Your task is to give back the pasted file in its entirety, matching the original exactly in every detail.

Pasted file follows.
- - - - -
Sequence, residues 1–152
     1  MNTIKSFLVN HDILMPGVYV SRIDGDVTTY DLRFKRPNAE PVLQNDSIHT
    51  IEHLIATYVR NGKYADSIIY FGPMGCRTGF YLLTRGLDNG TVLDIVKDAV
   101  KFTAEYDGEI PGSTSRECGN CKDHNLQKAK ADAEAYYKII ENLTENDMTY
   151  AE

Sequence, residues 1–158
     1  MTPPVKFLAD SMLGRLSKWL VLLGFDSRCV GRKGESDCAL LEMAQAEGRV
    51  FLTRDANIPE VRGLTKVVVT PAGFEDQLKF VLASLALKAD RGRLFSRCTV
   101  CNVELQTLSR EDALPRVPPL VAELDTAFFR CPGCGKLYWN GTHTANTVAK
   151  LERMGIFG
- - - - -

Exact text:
Sequence, residues 1–152
     1  MNTIKSFLVN HDILMPGVYV SRIDGDVTTY DLRFKRPNAE PVLQNDSIHT
    51  IEHLIATYVR NGKYADSIIY FGPMGCRTGF YLLTRGLDNG TVLDIVKDAV
   101  KFTAEYDGEI PGSTSRECGN CKDHNLQKAK ADAEAYYKII ENLTENDMTY
   151  AE

Sequence, residues 1–158
     1  MTPPVKFLAD SMLGRLSKWL VLLGFDSRCV GRKGESDCAL LEMAQAEGRV
    51  FLTRDANIPE VRGLTKVVVT PAGFEDQLKF VLASLALKAD RGRLFSRCTV
   101  CNVELQTLSR EDALPRVPPL VAELDTAFFR CPGCGKLYWN GTHTANTVAK
   151  LERMGIFG